Some horses get more anxious and flighty with bits because their mouth is a sensitive place, and if they aren’t ready for a bit it will get them feeling nervous and more in the ‘fight or flight’ frame of mind. A lot of horses that tend to be flighty and too quick tend to ride better when they go bitless because being bitless can help horses feel less anxious. At our farm we have a couple horses that I just don’t feel the need to ever introduce them to a bit – one is an off the track Thoroughbred that gets really stressed when she has a bit and even with light contact she will sometimes take her tongue out to the side of her mouth, and another is an older mustang that only got started under saddle as a 16 year old – they both ride beautifully bitless and I just don’t feel the need try and make them ride with a bit. It’s not to say it can’t be done – but why fix it if it works?

There are other reasons someone might not want to use a bit – injury in a horse’s mouth, an older horse with bad teeth (might hurt to put the bit in and take the bit out), if you like to graze your horse during the ride or use treats during training (easier to eat without a bit), or even just that you may like the idea of staying out of your horse’s mouth.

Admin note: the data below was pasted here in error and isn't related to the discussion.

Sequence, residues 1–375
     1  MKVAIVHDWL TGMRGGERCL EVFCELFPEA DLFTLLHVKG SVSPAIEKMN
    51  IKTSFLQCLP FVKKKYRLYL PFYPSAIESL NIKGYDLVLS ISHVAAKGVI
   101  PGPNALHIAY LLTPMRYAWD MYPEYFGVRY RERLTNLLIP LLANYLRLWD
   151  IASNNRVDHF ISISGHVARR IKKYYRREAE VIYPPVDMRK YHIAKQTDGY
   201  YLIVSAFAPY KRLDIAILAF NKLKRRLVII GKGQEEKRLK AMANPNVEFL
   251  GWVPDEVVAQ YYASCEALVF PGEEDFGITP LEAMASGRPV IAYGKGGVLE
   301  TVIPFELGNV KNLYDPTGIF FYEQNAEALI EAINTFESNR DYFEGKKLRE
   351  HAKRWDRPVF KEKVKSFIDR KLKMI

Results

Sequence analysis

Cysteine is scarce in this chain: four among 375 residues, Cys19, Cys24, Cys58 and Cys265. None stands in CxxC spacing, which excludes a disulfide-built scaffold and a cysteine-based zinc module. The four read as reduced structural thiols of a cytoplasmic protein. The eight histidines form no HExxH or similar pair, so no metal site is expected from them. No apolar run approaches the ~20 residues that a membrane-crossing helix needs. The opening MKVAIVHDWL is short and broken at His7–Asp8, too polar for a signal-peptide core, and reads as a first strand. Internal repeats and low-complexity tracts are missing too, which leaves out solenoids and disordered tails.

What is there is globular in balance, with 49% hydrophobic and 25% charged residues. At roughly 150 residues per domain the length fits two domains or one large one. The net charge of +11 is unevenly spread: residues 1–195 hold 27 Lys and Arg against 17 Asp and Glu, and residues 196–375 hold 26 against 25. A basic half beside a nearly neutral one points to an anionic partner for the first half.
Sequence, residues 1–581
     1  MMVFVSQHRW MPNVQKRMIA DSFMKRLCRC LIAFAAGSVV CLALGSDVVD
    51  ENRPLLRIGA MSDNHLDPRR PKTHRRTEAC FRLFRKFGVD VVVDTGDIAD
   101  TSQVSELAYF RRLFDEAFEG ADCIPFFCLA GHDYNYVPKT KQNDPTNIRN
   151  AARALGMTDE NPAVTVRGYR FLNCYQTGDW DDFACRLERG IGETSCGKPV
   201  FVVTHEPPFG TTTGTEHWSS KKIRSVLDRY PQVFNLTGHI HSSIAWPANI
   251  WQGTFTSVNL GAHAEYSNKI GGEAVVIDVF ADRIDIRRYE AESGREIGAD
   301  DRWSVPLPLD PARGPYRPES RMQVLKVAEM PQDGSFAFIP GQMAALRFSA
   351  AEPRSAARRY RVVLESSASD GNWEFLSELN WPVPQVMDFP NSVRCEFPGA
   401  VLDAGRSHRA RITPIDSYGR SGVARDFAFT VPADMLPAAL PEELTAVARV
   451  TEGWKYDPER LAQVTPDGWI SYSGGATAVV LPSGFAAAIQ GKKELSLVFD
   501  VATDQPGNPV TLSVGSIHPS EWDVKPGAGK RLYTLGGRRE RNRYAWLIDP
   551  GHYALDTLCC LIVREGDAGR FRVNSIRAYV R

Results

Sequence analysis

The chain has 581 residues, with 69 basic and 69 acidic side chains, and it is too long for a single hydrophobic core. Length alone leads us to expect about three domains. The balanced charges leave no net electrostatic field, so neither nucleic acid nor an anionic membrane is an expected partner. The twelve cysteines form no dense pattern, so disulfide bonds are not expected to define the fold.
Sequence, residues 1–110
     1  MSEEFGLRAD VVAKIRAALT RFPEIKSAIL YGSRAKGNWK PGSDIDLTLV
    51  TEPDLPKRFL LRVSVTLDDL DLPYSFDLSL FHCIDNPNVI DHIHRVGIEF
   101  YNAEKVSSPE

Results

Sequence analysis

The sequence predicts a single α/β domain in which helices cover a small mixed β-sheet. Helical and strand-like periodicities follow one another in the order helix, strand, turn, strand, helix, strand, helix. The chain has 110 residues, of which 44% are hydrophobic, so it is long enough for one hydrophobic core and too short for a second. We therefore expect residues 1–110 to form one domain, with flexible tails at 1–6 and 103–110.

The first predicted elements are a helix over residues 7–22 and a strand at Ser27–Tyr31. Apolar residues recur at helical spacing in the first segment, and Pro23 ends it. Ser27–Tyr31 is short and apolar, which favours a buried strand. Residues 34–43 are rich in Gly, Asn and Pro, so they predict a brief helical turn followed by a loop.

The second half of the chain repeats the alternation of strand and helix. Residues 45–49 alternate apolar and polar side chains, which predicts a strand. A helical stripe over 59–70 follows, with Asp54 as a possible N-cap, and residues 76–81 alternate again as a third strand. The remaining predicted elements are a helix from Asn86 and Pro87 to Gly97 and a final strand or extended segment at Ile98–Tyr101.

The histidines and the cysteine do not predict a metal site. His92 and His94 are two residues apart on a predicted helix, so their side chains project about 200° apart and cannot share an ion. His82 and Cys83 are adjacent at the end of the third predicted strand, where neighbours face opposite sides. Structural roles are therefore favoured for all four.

I do have some students who choose to ride with bits because they and their horse are ready for learning collection with a bit – but if they aren’t learning that, then we typically stay bitless. I find learning collection is easier with a bit – a bit in the right hands can be the ideal tool to help master collection and skills of finesse, however, it’s not needed and most of our students ride with no bit, even the ones competing in jumpers or practising upper level movements like canter half pass.